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Whenever I'm watching a cricket match, I'm also tracking Twitter. It's filled with trolls and cynics, funny folk and wannabe comedians, critics and stats nerds. It can be enjoyable, excruciating and informative all at once, but all in all, it's good fun. These hardcore cricket nuts have an opinion on everything under the sun, and can be quite blunt and vocal, but one thing they all agree upon, and gang up against, is cricket commentary and the cliché-spewing automaton it has become.
It is quite common to see people tweet, "What did he say? Watching on mute." These are fans who want to follow cricket on TV but are willing to sacrifice the sounds of the game because they cannot put up with the inanities and over-the-top one-eyed pontifications that pass for expert commentary. They have chosen to forego one of the essential ingredients of enjoying any sporting event - its sounds. In fact, they have been forced to make that choice.
There is a possible solution - besides the obvious option of hiring commentators who are really good at their jobs - and that is to provide a parallel feed that serves "nerdy" cricket fans: with commentary that isn't mind-numbing and formulaic. But no television broadcaster would ever do that as it would increase the cost of production substantially, and hence would be economically unfeasible. In a recent podcast, commentator Harsha Bhogle said that though cricket nuts who would like a parallel feed may be a vocal section of the audience, and hence give the impression of being large in numbers, they actually represent a small segment of the total watchers, and TV broadcasters cannot cater to that minority.
He also brought up another reason why the expectations of this subset of fans aren't going to be met anytime soon: because ex-cricketers who find a career in the commentary box aren't hired for their ability to add value to the images on screen. With a few odd exceptions, they are picked "on batting averages or bowling averages".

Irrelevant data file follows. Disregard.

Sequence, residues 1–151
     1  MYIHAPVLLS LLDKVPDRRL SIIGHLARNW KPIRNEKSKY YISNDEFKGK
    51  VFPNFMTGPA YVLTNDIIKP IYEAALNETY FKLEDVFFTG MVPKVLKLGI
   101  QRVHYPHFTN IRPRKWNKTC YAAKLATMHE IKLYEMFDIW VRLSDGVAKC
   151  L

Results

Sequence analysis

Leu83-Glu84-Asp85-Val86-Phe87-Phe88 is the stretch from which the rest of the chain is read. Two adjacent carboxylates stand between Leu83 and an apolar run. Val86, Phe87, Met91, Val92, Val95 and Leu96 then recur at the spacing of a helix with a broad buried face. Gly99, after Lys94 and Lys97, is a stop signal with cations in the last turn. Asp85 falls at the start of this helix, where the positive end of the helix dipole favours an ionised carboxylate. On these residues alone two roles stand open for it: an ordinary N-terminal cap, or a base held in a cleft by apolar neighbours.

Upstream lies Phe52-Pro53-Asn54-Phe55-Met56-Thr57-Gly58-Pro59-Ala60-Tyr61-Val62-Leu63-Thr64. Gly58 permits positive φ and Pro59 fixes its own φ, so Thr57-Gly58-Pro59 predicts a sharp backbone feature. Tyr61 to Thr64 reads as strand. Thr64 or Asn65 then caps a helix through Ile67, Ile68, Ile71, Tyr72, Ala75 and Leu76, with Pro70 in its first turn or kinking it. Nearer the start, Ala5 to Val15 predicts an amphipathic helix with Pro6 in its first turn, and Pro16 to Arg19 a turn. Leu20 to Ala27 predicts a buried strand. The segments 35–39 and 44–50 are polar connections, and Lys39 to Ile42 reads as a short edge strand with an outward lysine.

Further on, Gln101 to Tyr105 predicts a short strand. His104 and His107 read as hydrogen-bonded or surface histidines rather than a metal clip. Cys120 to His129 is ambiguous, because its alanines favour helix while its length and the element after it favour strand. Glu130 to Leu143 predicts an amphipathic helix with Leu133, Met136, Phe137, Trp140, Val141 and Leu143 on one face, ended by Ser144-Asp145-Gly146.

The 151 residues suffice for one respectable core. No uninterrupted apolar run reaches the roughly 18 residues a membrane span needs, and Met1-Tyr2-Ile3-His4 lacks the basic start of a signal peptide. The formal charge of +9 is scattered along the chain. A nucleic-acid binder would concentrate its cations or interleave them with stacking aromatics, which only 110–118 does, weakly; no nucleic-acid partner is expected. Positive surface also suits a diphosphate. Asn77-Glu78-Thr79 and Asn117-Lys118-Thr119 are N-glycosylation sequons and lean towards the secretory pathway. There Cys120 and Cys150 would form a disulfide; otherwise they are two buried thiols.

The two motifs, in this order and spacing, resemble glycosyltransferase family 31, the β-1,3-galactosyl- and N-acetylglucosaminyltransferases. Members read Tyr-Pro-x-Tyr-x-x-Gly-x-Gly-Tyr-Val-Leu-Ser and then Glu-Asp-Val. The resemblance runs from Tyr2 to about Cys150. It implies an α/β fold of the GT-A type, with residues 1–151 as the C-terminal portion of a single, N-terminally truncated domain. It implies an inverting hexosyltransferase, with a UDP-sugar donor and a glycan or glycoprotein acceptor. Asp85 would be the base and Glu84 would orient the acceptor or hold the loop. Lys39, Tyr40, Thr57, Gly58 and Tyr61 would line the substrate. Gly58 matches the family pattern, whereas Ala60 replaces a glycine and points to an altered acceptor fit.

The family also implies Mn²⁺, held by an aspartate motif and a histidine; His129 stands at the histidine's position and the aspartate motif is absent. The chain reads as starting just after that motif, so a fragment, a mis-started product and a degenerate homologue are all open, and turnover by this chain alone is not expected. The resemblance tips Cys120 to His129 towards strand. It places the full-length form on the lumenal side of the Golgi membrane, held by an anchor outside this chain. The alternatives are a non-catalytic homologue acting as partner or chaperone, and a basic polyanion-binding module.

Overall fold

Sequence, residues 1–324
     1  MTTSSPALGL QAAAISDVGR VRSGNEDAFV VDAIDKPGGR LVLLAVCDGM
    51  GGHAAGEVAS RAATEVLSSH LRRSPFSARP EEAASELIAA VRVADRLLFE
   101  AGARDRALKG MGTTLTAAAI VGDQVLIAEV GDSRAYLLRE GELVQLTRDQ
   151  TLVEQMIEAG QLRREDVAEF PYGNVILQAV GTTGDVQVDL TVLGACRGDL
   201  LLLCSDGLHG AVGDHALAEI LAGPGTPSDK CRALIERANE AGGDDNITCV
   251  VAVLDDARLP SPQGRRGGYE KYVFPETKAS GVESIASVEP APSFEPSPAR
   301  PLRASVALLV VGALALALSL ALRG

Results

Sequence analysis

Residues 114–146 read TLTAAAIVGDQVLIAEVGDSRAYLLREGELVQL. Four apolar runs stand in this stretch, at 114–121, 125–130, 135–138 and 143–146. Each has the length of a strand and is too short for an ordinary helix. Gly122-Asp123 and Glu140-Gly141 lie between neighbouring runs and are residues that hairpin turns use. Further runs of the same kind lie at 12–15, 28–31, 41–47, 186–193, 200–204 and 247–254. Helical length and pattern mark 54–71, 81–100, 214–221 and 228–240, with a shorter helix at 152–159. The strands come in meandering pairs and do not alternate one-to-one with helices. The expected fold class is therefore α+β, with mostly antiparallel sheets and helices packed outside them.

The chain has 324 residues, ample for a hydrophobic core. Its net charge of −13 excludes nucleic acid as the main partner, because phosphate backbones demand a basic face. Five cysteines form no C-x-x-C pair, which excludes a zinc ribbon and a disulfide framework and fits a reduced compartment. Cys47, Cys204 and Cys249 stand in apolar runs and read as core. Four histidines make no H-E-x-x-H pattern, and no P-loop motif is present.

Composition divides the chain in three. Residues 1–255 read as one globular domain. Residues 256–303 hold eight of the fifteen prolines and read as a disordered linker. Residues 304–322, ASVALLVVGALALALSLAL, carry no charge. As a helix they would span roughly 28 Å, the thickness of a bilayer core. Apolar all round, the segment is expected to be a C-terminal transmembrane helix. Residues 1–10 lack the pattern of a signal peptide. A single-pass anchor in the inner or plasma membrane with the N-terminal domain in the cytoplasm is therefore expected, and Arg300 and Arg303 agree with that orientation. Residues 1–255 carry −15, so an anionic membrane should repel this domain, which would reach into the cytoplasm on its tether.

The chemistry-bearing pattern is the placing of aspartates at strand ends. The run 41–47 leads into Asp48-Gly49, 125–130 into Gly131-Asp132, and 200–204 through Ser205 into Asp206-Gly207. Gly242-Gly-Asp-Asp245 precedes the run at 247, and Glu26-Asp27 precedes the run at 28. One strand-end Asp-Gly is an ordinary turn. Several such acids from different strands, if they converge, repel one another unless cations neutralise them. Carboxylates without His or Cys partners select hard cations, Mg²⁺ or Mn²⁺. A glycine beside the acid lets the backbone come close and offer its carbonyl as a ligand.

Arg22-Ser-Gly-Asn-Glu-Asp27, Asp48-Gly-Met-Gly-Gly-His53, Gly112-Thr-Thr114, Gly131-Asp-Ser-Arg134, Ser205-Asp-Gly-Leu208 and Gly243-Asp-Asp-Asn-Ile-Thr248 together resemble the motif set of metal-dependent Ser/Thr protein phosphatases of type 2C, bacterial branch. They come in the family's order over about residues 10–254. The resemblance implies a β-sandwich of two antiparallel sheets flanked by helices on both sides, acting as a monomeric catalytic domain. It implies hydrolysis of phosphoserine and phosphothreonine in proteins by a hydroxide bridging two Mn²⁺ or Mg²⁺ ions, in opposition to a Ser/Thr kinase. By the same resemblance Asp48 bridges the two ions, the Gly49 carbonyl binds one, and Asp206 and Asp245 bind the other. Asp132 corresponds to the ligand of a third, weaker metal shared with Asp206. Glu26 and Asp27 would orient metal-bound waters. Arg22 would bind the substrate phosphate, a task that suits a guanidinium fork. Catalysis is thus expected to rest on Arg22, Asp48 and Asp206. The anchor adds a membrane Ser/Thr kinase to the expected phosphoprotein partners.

The other option, as Bhogle again has written, is to have a commentary-less broadcast, with sounds from the ground - the oohs and the aahs, the sweet sound of leather on willow, the guttural noises that a bowler makes as he exerts himself at the delivery strike, trying to squeeze out the last ounce of energy - all piped into our TVs. Because as Bhogle says, "without audio, a cricket match is dead. We always talk about the picture. The audio and the sound quality [are] just as critical."
So could the broadcasters provide a no-commentary broadcast? Would they? Is there a sufficient number of cricket nerds to make this financially viable?
Nearly 33 years ago, on December 20, 1980, in an NFL match between the Miami Dolphins and the New York Jets, motivated by the need to create a buzz around a dead game and boost ratings, the television network NBC tried to do something out of the ordinary: What if there were no commentators? they asked.
The no-commentary broadcast created a lot of interest all right. So much so that the game came to be known as "The Silent Game".
At kick-off, the pre-game show host put down his microphone and walked into the stadium to watch the game. The viewers at home were getting the sounds that anyone sitting in the stands could hear, and were also helped in some part by on-air graphics in keeping track of the score and the stats. There were cutaways to pre-recorded interviews with the coaches and players but the telecast went along without the guidance of a commentator.